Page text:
Medical Malpractice

 

In Indiana, medical malpractice is a complex area of the law. Medical malpractice occurs when treatment, lack of treatment, or other departure from accepted standards of medical care causes harm to a patient. Examples of medical malpractice include misdiagnosis, improper treatment, failure to treat, delay in treatment, failure to perform appropriate follow up, prescription errors, etc. In many instances, medical malpractice is not obvious to a lay-person and requires review and analysis by medical experts.

FAQ’s

  • Although each medical malpractice case is unique in terms of the specific set of facts involved in the case, the claim for malpractice against a person’s treating physician requires plaintiff’s to show four things: 

    1. A duty to use such skill, prudence, and diligence as other members of the profession commonly possess and exercise.
    2. A breach of the duty.
    3. A proximate causal connection between the negligent conduct and the injury.
    4. Resulting loss or damage.

    It is important to note that in Indiana, proving that a breach of a duty occurred generally requires a medical expert, from the same specialty as the individual who you have brought your claim against, to testify that there was a violation of the standard of care.   This means you will likely need a doctor to support your case. 

  • Simple Answer: In Indiana an action or failure to act by a healthcare provider that causes harm to a patient. 

    Legal Answer:  A breach of the standard of care by the healthcare provider, which proximately causes injury to a patient. 

    This can take many forms, which would be too voluminous to list here but some examples include:

    • Misdiagnosis
    • Improper treatment
    • Failure to treat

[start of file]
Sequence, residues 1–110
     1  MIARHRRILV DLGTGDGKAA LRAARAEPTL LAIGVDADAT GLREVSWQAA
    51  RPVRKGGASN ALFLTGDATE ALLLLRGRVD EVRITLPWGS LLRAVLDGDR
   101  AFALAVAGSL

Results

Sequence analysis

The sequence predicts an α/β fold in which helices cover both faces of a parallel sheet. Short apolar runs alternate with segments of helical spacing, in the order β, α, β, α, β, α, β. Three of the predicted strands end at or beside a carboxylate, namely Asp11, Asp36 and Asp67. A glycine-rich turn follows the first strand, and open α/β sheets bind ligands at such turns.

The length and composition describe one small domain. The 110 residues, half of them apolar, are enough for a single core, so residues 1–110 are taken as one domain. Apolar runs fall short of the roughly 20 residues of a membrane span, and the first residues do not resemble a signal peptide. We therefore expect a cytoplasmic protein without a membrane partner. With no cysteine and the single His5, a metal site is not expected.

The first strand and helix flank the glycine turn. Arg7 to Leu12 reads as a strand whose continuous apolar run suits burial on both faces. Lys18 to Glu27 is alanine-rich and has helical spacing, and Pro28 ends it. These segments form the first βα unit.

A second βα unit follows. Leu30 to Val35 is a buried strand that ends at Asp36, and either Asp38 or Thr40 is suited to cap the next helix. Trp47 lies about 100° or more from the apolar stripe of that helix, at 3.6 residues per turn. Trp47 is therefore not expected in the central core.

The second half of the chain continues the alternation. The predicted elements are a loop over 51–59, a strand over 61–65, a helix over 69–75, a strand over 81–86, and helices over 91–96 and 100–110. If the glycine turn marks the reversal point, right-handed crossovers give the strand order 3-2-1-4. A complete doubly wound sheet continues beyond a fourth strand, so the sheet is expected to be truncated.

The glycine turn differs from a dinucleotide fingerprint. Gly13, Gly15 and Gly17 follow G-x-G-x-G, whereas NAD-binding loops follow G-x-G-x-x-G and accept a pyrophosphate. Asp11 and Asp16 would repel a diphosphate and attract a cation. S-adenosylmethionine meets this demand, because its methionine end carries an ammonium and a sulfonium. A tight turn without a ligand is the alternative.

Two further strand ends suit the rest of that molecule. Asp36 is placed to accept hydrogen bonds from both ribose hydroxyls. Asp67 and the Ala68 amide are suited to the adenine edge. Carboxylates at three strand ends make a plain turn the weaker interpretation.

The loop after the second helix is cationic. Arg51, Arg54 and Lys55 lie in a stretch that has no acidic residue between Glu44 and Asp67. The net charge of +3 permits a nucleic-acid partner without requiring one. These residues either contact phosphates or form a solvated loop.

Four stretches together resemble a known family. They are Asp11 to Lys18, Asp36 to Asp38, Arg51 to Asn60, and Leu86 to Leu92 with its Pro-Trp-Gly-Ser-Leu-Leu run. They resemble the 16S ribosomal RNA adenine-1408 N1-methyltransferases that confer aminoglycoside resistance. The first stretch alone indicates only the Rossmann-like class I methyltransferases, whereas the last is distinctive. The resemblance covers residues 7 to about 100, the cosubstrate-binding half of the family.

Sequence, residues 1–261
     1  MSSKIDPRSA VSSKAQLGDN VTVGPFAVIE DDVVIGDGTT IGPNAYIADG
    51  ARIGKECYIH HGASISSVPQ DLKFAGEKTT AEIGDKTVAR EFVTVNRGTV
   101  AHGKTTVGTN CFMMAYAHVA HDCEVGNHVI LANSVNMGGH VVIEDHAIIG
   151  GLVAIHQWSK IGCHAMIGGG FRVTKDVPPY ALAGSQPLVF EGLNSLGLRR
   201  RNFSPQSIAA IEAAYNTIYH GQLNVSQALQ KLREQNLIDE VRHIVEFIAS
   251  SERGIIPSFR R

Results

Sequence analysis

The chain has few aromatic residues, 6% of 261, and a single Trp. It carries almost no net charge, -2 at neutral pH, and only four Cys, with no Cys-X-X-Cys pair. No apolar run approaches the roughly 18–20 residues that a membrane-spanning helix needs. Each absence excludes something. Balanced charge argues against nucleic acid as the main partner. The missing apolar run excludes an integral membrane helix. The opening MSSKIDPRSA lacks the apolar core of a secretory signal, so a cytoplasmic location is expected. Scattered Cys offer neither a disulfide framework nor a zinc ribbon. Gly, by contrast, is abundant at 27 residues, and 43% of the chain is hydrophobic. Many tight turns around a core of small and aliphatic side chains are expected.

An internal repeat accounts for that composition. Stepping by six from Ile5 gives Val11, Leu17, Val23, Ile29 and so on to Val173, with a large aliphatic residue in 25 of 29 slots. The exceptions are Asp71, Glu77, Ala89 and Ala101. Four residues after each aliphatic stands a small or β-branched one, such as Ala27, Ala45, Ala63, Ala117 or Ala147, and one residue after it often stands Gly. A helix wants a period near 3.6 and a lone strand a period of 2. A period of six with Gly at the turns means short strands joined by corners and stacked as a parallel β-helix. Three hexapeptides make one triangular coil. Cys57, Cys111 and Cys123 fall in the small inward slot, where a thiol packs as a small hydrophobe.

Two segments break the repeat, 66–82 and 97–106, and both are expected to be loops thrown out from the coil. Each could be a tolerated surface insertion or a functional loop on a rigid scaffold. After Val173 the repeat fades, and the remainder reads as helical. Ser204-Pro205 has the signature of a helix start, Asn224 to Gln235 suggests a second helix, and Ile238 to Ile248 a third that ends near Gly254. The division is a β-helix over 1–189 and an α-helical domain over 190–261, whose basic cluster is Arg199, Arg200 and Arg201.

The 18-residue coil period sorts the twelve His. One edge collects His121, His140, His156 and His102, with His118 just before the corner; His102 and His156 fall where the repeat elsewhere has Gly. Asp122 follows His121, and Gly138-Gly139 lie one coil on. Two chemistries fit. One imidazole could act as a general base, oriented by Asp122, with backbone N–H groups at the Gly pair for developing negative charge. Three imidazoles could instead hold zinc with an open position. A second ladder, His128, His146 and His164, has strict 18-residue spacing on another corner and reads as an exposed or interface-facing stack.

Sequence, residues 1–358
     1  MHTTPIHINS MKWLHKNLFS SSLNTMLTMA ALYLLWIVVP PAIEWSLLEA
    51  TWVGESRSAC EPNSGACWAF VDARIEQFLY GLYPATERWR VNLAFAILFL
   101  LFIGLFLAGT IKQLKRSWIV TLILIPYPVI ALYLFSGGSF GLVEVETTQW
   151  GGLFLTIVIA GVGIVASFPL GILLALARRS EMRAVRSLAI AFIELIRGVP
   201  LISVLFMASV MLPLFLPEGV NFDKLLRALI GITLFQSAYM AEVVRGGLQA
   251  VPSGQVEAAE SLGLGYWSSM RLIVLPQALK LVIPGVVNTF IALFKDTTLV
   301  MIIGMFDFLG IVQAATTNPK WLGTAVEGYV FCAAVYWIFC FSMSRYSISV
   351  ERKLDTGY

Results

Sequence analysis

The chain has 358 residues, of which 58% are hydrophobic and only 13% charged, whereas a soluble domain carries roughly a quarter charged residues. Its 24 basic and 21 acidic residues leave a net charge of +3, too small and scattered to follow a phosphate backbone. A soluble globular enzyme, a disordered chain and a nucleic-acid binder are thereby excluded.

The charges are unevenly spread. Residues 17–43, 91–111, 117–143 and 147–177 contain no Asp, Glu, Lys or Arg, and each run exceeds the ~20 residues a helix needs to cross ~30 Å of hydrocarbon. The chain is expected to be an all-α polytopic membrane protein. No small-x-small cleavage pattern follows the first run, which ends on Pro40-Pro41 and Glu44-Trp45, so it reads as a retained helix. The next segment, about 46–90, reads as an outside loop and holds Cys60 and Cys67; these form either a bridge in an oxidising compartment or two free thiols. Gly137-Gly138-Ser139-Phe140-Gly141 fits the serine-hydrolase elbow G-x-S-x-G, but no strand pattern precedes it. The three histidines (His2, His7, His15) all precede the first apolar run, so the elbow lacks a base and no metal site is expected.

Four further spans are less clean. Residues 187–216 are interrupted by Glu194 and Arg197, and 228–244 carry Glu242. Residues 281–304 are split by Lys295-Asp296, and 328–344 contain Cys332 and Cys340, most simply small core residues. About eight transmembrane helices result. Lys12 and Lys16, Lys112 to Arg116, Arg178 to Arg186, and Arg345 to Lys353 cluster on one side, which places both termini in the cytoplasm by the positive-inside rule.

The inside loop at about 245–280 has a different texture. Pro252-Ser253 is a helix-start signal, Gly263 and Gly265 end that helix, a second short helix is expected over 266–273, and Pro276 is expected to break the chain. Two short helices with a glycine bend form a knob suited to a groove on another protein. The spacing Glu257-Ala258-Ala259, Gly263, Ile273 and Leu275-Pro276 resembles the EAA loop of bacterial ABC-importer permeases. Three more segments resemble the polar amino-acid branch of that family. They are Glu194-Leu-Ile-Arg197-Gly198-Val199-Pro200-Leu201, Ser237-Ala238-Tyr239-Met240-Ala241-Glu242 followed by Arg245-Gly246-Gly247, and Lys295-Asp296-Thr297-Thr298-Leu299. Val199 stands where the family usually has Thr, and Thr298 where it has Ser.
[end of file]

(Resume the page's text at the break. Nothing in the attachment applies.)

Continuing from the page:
• Delay in treatment
    • Failure to perform appropriate follow up
    • Failure to refer to specialist
    • Failure to diagnose
    • Medication errors
    • Failure to follow physician orders
    • And more…

    Often a lay person is not aware that malpractice occurred but is aware that something went wrong.  Thus, a medical expert is required to review the file to determine whether malpractice was actually committed.

  • A medical review panel is a required panel of three physicians who will review the case, as submitted by the plaintiff and the defendant, and determine whether they believe a breach of the standard of care occurred and whether that breach led to damages.   The medical review panel is generally made up of three physicians who hold the same board certification as the physician you have brought a claim against.

  • Attorney’s fees are charged on a contingency fee basis.   This means that if we do not make a recovery for you, you do not have to pay us for our time.    The contingency fee allowed to be charged in medical malpractice cases is set by law and for cases of malpractice occurring after June 30, 2017, Indiana medical malpractice attorneys fees are capped at 32% of any recovery when bringing a claim against a Qualified Healthcare Provider (which is a doctor or any other medical facility or provider, which is protected by the Indiana Medical Malpractice Act).

  • No.  A physician or healthcare provider cannot ask you to consent to their negligence.  It is true that the practice of medicine is more of an art than a science and bad things do happen without negligence or malpractice.  However, if you suspect that you have been a victim of malpractice, you should contact a qualified medical malpractice attorney to review your claim.

  • To initiate a medical malpractice claim, a plaintiff must file a Proposed Complaint with the Indiana Department of Insurance.  This is a specific process unique to Indiana medical malpractice.  Prior to filing a proposed complaint, we highly suggest that an individual consult with a qualified attorney to review the matter and conduct a thorough investigation into whether malpractice has in fact occurred.